Our packaging waste blog aims to update you on all the latest developments around the UK packaging waste legislation and the future regulatory changes. Multiple members of the Comply Direct team will be contributing to this blog.
Change to the current packaging producer responsibility legislation is on the horizon - a summary
Posted: 29 January 2019
Author: Martin Hyde
The current producer responsibility system for packaging has achieved compliance for around 20 years, however, the system has been under increasing pressure to change to meet a more demanding waste management system which reflects the change of material consumption we have seen over the last two decades. As a result, the regulations are currently undergoing review.
The review process has been further catalysed by the implementation of the Circular Economy Package. This sets out specific requirements for EPR (Extended Producer Responsibility) Regulations including a minimum of 80% of the full net costs of collection, sorting, recycling and final disposal of packaging waste generated by producers to be covered by producers themselves.
What we know for certain
The government published its Resource and Waste Strategy towards the end of 2018 (read more about this HERE), and a set of consultations are due to follow. These consultations will cover:
• Setting material recycling targets beyond 2020
• Deposit Return Schemes
• Producer Responsibility (the PRN system) Reform
• Potentially the 30% Recycled Content Tax
Any reform to the producer responsibility system is unlikely to come into effect until the start of 2023.
Producer Responsibility Reform – what might change?
There are various aspects that could change, including a potential full overhaul of the system; these changes can be categorised as follows:
Costs – due to the 80% minimum (the government have indicated they are interested in going beyond minimum requirements) net cost requirement, it is highly likely that the costs of the regulations to a producer will increase post regulatory reform.
Data Requirements – depending on if there is a change to the point of compliance in the system (currently the responsibility is shared) and if a new system requires more detailed data, the data submission requirements will likely increase. This could include a full movement away from the currently used “Data Tables”, but could also add requirements for data reporting on end of life performance.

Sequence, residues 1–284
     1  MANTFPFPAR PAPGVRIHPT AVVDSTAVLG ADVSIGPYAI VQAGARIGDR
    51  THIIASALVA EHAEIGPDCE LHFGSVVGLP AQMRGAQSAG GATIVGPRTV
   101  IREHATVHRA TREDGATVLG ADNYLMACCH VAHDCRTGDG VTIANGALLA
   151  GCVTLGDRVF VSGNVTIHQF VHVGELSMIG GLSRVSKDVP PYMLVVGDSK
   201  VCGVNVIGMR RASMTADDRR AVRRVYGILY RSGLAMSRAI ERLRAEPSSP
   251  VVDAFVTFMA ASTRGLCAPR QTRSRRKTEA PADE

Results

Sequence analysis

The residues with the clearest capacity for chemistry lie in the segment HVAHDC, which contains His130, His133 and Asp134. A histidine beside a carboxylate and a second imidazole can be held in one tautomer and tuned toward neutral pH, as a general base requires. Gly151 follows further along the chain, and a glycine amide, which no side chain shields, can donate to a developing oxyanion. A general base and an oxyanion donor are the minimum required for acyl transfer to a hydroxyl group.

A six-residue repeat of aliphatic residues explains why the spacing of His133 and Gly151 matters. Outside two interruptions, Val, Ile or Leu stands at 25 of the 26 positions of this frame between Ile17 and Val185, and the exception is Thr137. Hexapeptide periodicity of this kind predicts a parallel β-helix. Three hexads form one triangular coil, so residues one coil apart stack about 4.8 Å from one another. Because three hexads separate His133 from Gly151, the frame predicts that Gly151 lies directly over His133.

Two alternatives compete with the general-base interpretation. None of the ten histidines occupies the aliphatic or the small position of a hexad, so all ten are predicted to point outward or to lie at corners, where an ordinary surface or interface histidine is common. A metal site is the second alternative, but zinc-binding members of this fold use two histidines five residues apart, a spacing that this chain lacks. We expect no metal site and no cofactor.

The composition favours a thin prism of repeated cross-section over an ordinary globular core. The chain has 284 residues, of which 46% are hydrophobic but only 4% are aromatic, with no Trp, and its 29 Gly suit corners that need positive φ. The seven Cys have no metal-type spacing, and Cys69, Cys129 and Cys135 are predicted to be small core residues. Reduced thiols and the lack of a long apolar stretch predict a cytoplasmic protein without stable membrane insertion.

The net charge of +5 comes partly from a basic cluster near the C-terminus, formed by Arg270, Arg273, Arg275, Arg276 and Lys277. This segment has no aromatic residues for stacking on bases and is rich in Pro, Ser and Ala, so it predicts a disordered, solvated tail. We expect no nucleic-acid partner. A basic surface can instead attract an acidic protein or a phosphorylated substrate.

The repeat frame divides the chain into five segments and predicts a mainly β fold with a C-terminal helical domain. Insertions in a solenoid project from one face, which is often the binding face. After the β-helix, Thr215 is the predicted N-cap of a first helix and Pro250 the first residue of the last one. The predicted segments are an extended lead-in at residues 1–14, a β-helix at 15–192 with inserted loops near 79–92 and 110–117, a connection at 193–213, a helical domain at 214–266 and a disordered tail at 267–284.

Modulated Fees – there is a requirement for some form of modulation as part of the Circular Economy Package, whereby producers’ fees are based on the environmental performance of their product’s packaging. This could include Recycled Content, Recyclability, “Litterability”, how easily sorted an item is etc.
Reliance on Exports – the current system has been criticised for its reliance on exporting waste, and it is generally accepted that UK recyclers are at a disadvantage over exporters under the current regulations. This could be reviewed as part of regulatory reform.
Environmental legislation changes outside of the producer responsibility regulations could also have an impact on businesses handling packaging:
Taxes – we have already seen Philip Hammond propose a recycled content tax (October 2018) and there is potential for other taxes to be introduced targetting specific items which don’t conform with the current waste management system.
Bans – there is currently an ongoing consultation around the banning of plastic straws, stirrers and cotton buds. Further specific item bans could be on the horizon for “problematic” material.
Levies – due to the success of the plastic bag levy, the public appear drawn to rolling this concept out to other items. The government has made it clear that implementing a levy on coffee cups is not planned at the moment, but this could still be considered for other packaging / products with low performance in the waste management stream.
EU propose single-use plastics directive
Posted: 13 August 2018
Author: Martin Hyde
Earlier this year the EU released a proposed directive on the reduction of the impact of certain plastic products on the environment which is aimed at reducing the impact of the most common single-use plastic products found in the European seas.
There are 10 items plus fishing gear considered to represent 70% of all marine litter which includes things such as food containers, drinks cups, cotton bud sticks, sanitary items and wrappers. A full list of these items can be found within our more in-depth story about this proposed directive HERE
To minimise the usage of these single-use items, there is a list of proposed measures within the directive, such as:
Plastic ban – Certain products (currently cotton buds, cutlery, plates, straws, drink stirrers and balloon sticks) are proposed to be banned from sale in EU markets when single-use. To clarify, these items would only be banned if they are single-use and composed of plastic.
Container requirements – Single-use plastic drinks containers will only be allowed to continue sale where their caps and lids remain attached post usage.